Auckland council seeks $2.8b cuts
No decisions have been made on what projects and services will be cut to help Auckland Council find the billions of dollars of savings it needs.
The council had to save $2.8 billion over the next ten years to keep rates increases between 2.5 and 3.5 per cent.
"Everything is up for grabs," said Finance and Performance Committee chairwoman Penny Webster.
"We have to look at everything. In the context of the Auckland Plan we have to say 'what can we do differently, what can we do better, and what can we not do anymore'".
Certain projects would be prioritised, however.
"We have been given the message very clearly from Aucklanders that there are certain things they want done, particularly in the transport area," said Webster.
The council met yesterday for the first discussion of the city's long-term plan (LTP), a ten-year budget for Auckland's development, since the amalgamation of the super city.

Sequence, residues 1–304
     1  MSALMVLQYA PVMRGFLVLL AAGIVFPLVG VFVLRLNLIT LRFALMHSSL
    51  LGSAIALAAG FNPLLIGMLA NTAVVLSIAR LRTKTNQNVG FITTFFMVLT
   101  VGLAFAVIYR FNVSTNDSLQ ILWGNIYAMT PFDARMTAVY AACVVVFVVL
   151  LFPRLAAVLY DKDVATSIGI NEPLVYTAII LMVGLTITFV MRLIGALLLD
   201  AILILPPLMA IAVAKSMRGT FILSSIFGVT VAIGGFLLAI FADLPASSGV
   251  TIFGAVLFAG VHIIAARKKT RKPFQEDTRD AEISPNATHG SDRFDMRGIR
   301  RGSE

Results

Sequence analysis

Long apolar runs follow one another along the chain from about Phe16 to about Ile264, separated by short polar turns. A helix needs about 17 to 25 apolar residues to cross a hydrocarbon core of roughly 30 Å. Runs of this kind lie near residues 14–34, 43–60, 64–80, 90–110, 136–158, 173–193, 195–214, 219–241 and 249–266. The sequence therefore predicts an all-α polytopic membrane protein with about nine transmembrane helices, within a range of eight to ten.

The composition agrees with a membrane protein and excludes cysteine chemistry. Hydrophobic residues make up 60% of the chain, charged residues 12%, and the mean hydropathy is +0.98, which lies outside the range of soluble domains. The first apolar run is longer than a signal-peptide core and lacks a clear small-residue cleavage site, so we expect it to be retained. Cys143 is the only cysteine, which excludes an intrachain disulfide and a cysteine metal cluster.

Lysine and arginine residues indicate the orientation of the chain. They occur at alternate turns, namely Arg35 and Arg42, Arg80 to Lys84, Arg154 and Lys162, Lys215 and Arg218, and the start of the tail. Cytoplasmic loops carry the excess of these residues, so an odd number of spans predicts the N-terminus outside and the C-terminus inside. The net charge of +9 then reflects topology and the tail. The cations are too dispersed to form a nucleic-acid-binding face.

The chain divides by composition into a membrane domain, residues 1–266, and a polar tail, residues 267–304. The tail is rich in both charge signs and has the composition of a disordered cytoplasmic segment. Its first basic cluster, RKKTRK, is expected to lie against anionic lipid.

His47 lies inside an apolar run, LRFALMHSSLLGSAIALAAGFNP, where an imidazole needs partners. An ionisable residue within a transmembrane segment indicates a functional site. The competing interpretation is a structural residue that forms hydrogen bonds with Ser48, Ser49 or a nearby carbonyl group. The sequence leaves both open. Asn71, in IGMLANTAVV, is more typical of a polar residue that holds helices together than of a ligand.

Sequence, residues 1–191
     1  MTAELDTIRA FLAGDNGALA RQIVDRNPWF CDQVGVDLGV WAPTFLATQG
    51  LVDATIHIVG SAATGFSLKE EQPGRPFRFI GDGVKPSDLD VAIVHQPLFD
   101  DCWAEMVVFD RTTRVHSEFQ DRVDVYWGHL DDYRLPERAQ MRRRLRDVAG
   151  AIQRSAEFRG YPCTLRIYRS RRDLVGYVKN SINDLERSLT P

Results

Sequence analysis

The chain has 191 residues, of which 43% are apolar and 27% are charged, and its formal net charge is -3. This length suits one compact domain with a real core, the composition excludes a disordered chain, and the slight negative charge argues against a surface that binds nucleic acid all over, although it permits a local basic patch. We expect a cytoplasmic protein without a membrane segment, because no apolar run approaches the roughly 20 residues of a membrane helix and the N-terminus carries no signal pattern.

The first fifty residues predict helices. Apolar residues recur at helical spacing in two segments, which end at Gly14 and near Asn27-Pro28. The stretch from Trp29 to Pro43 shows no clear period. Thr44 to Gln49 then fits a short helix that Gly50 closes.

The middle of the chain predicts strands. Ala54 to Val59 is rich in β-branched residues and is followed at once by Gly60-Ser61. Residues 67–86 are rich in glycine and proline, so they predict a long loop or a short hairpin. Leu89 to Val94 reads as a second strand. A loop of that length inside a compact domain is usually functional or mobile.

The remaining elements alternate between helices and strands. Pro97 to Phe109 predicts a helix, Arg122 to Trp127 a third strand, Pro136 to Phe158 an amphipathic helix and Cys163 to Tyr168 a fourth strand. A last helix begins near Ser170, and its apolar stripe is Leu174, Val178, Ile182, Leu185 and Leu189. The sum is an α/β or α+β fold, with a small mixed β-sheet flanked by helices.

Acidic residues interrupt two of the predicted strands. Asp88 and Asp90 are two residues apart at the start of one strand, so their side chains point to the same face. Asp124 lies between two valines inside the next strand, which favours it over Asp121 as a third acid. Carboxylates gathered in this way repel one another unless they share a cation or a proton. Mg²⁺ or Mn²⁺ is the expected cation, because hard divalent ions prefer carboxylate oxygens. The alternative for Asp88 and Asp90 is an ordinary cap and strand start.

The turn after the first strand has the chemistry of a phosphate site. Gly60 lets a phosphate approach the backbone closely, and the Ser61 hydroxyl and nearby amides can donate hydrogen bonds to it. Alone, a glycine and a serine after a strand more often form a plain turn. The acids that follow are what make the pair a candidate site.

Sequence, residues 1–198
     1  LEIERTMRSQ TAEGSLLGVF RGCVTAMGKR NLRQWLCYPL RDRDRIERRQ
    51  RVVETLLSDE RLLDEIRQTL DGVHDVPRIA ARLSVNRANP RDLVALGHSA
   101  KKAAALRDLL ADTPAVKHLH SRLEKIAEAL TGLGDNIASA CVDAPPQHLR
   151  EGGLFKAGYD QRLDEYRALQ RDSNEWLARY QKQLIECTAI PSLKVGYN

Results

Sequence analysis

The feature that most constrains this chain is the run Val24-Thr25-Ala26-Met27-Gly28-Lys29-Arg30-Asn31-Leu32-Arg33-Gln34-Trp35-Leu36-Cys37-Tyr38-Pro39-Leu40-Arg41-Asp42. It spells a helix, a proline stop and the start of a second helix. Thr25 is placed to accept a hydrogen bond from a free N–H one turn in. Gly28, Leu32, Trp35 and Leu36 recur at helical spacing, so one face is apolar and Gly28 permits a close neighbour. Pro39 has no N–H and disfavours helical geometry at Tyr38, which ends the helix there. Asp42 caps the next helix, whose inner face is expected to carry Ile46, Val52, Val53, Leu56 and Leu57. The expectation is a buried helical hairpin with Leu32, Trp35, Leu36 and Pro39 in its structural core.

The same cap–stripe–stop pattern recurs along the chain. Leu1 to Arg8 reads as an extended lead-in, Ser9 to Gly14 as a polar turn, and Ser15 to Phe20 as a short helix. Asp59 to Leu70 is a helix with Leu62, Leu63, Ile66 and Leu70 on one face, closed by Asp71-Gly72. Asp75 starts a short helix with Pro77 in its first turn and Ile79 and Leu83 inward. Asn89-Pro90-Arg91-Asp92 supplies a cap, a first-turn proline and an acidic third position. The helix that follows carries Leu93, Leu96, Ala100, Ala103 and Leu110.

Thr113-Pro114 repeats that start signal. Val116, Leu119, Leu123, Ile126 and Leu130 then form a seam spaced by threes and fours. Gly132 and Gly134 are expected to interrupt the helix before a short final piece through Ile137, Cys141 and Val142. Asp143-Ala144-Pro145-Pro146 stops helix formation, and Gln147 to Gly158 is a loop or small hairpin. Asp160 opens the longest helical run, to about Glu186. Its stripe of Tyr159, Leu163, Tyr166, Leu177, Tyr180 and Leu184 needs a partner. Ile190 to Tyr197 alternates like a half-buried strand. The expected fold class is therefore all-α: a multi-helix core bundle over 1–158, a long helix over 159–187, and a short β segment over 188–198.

The meeting ran scenarios where transport projects and service delivery programmes could be cut.
Where projects did lose funding the council hoped to find alternative ways to complete them, though.
"If you take for example the Penlink road, in Whangaparaoa. Ninety five per cent of people surveyed have said they would pay a toll for that road to be built," said Webster.
Despite facing a massive budget deficit, the Auckland Council was in strong financial shape, Webster claimed.
"People forget the Coucil has a AA creditt rating - we are rated better than the banks."
In the coming months Auckland residents would be asked which investments they thought were the most important and affordable to grow the super city over the next decade.
There would be 11 months of consultation before the council made decisions.
Prime Minister John Key said that while Auckland's budget issues were for the council to deal with, it showed how difficult it was for councils to live within their means and get back into surplus.
He said it raised a question around the start date for the new central business district rail loop tunnel.
"This shows why we have been cautious about the start date for the CBD rail tunnel," he told reporters.
"It is definitely affordable and do-able, but where it doesn't put pressure on ratepayers."
He said the Government still favoured a 2020 start date but have not ruled out getting work underway "slightly earlier".